Jump to ContentJump to Main Navigation
Advances in the Spoken Language Development of Deaf and Hard-of-Hearing Children$
Users without a subscription are not able to see the full content.

Patricia Elizabeth Spencer and Marc Marschark

Print publication date: 2005

Print ISBN-13: 9780195179873

Published to Oxford Scholarship Online: April 2010

DOI: 10.1093/acprof:oso/9780195179873.001.0001

Show Summary Details
Page of

PRINTED FROM OXFORD SCHOLARSHIP ONLINE (oxford.universitypressscholarship.com). (c) Copyright Oxford University Press, 2020. All Rights Reserved. An individual user may print out a PDF of a single chapter of a monograph in OSO for personal use. date: 22 October 2020

Working Memory Capacity, Verbal Rehearsal Speed, and Scanning in Deaf Children With Cochlear Implants

Working Memory Capacity, Verbal Rehearsal Speed, and Scanning in Deaf Children With Cochlear Implants

Chapter:
(p.328) 14 Working Memory Capacity, Verbal Rehearsal Speed, and Scanning in Deaf Children With Cochlear Implants
Source:
Advances in the Spoken Language Development of Deaf and Hard-of-Hearing Children
Author(s):

Rose A. Burkholder

David B. Pisoni

Publisher:
Oxford University Press
DOI:10.1093/acprof:oso/9780195179873.003.0014

This chapter reviews recent studies which assessed the working memory processes and abilities of deaf children with cochlear implants. Although most of the clinical research examining deaf children using cochlear implants has focused on traditional audiological outcome measures of speech and language skills to assess benefit, important new knowledge about speech and language development has come from recent studies on memory processing abilities in this population. These studies have shown that subvocal verbal rehearsal and serial scanning operate much more slowly in deaf children with cochlear implants and contribute to their shorter memory spans. It appears that slower processing speeds may play an even greater role in the deaf children's memory performance than do the initial encoding problems related to their current hearing impairment and cochlear implant use. In addition, these studies suggest that the amount and/or nature of the auditory exposure which children receive after implantation can influence their performance on immediate memory tasks which require the encoding, verbal rehearsal, and serial scanning of phonological information in working memory.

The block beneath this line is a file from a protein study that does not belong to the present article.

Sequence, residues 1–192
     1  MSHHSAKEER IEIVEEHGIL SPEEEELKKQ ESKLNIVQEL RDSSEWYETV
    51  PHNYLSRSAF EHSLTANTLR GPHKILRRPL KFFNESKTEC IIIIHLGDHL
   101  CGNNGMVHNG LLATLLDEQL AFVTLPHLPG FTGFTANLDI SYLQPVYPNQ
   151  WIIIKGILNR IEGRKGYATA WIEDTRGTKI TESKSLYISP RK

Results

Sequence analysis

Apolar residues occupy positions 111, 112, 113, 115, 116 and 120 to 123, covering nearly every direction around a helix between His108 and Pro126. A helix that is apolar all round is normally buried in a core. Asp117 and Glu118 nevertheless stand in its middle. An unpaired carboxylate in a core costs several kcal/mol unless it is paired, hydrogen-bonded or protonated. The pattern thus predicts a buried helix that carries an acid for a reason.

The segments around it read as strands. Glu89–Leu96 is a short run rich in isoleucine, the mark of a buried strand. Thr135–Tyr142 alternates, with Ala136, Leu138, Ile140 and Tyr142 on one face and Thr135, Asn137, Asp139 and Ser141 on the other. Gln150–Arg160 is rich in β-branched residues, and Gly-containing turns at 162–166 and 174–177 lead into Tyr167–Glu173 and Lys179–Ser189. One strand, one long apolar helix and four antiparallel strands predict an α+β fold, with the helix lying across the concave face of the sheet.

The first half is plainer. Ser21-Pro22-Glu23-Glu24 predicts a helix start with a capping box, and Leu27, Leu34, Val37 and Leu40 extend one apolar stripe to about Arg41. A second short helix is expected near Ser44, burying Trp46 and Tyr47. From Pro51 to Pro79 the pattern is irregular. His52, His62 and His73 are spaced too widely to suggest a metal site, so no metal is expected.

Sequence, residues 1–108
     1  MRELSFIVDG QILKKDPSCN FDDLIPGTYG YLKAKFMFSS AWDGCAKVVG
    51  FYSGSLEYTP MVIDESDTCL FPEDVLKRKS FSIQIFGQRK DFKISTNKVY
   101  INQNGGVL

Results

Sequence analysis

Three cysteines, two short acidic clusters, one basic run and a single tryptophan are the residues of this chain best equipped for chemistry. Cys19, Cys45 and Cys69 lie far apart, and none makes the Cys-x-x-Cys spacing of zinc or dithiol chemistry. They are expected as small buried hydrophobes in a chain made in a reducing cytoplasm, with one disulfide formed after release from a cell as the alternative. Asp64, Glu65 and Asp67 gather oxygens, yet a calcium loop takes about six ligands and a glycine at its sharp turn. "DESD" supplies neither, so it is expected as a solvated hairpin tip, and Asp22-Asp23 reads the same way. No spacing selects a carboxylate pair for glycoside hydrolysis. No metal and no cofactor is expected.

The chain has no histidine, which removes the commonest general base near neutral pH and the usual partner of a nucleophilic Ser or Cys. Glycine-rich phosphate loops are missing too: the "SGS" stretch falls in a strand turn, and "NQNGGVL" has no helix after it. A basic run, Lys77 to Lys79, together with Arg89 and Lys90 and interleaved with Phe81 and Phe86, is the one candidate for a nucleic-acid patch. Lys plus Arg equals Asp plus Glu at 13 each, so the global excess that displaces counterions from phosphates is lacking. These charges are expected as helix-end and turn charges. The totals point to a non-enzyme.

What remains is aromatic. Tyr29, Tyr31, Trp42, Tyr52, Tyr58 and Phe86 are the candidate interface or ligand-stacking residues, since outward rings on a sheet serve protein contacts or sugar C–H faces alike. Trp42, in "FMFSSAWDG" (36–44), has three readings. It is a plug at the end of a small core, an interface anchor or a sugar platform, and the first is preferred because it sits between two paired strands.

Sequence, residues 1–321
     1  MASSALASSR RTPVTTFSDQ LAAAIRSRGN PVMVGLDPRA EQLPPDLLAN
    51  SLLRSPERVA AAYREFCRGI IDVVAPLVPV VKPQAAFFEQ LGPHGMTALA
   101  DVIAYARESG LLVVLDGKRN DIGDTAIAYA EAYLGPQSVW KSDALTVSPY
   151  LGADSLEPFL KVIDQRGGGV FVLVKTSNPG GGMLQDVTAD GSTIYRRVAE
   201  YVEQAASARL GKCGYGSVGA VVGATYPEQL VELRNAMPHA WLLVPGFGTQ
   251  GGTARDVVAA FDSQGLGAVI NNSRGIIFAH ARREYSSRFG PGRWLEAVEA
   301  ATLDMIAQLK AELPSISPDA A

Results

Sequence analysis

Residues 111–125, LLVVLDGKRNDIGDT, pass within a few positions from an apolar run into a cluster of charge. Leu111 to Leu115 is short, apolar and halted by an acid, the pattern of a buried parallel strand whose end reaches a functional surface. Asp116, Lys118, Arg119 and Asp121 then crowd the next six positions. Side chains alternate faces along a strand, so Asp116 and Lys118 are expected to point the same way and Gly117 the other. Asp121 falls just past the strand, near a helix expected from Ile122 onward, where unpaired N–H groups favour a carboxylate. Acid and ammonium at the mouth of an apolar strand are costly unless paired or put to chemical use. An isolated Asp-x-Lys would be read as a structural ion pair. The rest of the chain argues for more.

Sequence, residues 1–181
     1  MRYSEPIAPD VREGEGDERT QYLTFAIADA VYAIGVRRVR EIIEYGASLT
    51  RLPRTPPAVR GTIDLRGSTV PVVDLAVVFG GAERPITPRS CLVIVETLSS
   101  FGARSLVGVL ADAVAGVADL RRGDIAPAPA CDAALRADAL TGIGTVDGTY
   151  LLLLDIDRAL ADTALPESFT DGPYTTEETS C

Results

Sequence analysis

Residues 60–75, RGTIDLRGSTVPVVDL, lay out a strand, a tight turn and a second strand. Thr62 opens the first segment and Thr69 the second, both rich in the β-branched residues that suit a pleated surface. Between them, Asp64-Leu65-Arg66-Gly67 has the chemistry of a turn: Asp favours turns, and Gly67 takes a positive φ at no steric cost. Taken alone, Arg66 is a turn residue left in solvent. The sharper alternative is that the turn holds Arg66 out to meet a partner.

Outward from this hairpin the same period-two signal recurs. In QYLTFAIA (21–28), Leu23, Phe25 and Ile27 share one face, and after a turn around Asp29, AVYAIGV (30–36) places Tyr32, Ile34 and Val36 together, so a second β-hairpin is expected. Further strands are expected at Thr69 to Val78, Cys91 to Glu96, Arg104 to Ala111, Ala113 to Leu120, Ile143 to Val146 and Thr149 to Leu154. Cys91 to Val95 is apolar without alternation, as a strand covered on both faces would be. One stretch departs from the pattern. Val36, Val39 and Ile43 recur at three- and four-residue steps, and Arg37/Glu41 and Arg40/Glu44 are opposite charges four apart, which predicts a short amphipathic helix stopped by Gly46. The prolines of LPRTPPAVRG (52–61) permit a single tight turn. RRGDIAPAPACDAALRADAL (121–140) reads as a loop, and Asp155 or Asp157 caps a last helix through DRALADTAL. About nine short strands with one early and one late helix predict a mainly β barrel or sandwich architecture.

Keywords:   working memory processes, deaf children, cochlear implants

Oxford Scholarship Online requires a subscription or purchase to access the full text of books within the service. Public users can however freely search the site and view the abstracts and keywords for each book and chapter.

Please, subscribe or login to access full text content.

If you think you should have access to this title, please contact your librarian.

To troubleshoot, please check our FAQs , and if you can't find the answer there, please contact us .